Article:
Health board staff deployed to admin and cleaning roles


Office-based workers at a Scottish health board are being deployed to cleaning and administrative duties.

NHS Lanarkshire said it had taken "exceptional measures" after its hospitals, Hairmyres, Wishaw and Monklands, had been "inundated".

Some office staff have volunteered to work at those hospitals and GP centres over the next five days.

Elective or non-urgent procedures have also been postponed for the rest of the week to ease the post-Christmas burden.

It comes as some other Scottish health boards postponed planned operations in order to free up beds to cope with increased demand at their A&E departments.

'Tremendous response'

Chief executive of NHS Lanarkshire, Calum Campbell, explained the situation in his area: "This is an unparalleled situation in Lanarkshire and exceptional circumstances need exceptional measures to enable us to deliver our number one healthcare priority – patient safety.

"We asked our office-based staff to consider volunteering to suspend their 'day-job' to support their clinical colleagues, bearing in mind our key purpose and commitment as an organisation to care for people who need our help.

"Not surprisingly, we've had a tremendous response which demonstrates the strong team spirit that exists within the NHS."

New figures show that across Scotland waiting times in A&E units remained below a key target in the week before Christmas as demand rose by almost 20% on the previous year.

In the week ending December 24, 83.3% of patients were seen and either admitted, transferred or discharged within four hours, against a target of 95%.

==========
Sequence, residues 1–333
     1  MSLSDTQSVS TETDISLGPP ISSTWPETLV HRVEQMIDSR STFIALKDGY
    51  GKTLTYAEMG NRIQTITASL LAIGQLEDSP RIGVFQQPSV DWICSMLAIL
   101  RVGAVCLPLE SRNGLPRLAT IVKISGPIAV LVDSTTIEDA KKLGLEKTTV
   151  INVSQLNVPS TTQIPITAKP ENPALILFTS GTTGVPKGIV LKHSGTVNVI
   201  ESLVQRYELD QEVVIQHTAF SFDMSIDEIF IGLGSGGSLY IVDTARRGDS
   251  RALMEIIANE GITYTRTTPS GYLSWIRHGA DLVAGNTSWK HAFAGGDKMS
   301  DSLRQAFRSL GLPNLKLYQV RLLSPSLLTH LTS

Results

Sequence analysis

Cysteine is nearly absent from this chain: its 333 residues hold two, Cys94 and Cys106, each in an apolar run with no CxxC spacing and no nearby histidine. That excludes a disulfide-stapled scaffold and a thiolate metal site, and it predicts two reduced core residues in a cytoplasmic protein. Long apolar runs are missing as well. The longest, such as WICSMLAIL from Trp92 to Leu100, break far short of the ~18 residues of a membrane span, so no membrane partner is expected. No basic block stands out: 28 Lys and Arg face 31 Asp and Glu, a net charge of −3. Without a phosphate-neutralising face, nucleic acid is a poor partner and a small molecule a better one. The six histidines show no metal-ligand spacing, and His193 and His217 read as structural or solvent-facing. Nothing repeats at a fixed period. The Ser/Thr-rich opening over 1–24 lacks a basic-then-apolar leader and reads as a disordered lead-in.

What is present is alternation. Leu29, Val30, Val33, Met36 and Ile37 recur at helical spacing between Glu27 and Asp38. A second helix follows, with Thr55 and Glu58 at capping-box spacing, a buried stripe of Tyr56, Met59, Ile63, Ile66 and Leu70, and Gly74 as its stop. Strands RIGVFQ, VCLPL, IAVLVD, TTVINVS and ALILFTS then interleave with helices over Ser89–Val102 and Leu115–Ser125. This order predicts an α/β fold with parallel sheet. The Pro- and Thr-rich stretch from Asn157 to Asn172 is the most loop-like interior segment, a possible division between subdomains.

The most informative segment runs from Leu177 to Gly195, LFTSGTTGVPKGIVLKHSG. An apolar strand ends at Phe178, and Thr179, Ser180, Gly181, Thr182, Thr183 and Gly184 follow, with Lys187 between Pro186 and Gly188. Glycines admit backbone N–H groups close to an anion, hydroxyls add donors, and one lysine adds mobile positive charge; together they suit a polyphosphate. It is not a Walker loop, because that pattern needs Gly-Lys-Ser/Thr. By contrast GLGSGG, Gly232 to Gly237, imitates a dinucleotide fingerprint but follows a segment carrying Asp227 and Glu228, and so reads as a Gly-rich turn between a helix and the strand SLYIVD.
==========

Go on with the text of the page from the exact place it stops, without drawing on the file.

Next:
The figure represents a slight increase from 81.1% the previous week and is down from 93.5% on the same week the previous year.

A total of 26,569 people visited A&E during the week, up almost 20% from the 22,267 attendances in the same week in 2016.

What's happening in your area this week?

NHS Lanarkshire – It reiterated its message for people not to attend A&E, unless requiring urgent treatment. In addition, the board has postponed non-urgent elective procedures for the remainder of this week. To help ease the burden, staff who would normally be office based have volunteered to be re-deployed at hospitals and GP practices in administrative and cleaning roles.

Dumfries and Galloway – The emergency departments new Dumfries hospital has been dealing with a high volume of patients resulting in the suspension of some outpatient clinics and the postponement of some elective surgeries.

Forth Valley – So far no planned operations have been postponed, but A&Es have been "very busy". Increased admissions have been due in part to sicker patients and freezing weather earlier in December led to an increase in people injuring themselves in falls.

Grampian – Fourteen routine procedures were postponed last week due to pressure on the system. However, at this time of the year fewer elective procedures are scheduled in anticipation that there will be increased demand.

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